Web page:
From General Electric to Samsung Electronics to Toshiba, as well as thousands of Chinese companies, manufacturers are finding that using China as an export base is often more profitable–and almost always far easier–than selling goods inside the country.
The result is that China, once viewed by wide-eyed executives as the market of future riches, is instead becoming the world’s factory floor. China’s often-devastating competitiveness is helping to redraw the global corporate landscape, forcing companies around the world to scrap old business strategies–and some businesses altogether–and to come up with new ways to compete.
One upshot of China’s emergence as a manufacturing powerhouse: It’s becoming an increasingly powerful global deflationary force. China’s manufacturing prowess is pushing down prices on a growing range of industrial, consumer and even agricultural products that it sells around the world.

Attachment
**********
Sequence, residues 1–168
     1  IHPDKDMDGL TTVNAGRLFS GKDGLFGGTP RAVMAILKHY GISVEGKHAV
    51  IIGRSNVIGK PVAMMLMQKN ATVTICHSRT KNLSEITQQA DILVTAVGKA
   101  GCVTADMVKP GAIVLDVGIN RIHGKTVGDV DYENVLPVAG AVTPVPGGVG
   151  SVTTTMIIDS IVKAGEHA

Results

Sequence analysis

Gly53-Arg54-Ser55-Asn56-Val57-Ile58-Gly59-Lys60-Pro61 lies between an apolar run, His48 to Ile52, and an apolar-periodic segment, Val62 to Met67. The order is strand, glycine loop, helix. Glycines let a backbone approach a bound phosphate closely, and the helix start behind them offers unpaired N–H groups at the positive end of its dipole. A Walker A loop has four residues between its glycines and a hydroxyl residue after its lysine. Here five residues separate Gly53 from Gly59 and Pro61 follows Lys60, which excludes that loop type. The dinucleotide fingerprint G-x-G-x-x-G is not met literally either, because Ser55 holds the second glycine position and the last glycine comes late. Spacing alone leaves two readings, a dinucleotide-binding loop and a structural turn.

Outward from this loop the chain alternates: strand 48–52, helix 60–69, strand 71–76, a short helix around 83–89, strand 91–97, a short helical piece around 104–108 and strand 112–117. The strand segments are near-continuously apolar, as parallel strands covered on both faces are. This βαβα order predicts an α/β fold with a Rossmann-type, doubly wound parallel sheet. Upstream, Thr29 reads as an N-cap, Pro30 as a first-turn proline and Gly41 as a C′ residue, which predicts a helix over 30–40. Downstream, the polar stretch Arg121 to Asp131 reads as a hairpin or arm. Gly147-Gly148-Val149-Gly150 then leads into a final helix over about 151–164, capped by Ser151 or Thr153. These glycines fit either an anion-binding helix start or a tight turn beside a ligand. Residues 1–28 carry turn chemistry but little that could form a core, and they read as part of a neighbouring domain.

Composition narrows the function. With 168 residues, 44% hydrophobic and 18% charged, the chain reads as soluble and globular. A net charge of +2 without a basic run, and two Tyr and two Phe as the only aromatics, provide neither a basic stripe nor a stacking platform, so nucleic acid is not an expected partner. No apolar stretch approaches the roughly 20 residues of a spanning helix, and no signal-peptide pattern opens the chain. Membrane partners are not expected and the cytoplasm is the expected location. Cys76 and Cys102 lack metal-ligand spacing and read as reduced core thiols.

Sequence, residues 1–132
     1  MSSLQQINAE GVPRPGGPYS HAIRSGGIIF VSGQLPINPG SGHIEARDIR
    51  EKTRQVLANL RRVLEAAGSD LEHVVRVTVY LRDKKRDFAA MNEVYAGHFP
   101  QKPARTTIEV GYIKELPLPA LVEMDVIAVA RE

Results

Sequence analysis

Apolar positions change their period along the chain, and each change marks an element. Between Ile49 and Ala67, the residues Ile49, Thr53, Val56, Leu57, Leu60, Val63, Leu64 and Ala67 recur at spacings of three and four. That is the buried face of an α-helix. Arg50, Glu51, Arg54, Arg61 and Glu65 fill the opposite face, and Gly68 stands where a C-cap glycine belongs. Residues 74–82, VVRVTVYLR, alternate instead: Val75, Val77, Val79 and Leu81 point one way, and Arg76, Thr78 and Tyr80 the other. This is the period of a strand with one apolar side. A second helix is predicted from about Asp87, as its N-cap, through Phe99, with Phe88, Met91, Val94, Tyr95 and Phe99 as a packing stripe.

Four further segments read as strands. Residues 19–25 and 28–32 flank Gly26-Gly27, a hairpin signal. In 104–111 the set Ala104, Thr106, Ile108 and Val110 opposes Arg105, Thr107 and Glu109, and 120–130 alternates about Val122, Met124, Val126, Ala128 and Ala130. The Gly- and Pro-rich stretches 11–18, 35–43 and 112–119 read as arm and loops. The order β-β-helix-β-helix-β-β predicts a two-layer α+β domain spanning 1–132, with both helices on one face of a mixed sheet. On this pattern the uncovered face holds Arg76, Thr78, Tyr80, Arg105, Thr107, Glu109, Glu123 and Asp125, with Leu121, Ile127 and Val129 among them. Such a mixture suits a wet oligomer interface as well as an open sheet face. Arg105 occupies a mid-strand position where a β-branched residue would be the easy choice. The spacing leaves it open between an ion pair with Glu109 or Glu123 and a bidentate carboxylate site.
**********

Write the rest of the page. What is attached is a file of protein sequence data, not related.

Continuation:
Look at the stats the magazine quotes, stating that China [is] the world’s fourth-largest industrial producer behind the United States, Japan and Germany, [and] makes:
– more than 50% of the world’s cameras
– 30% of the world’s ACs and TVs
– 25% of the world’s washing machines
– nearly 20% of all refrigerators.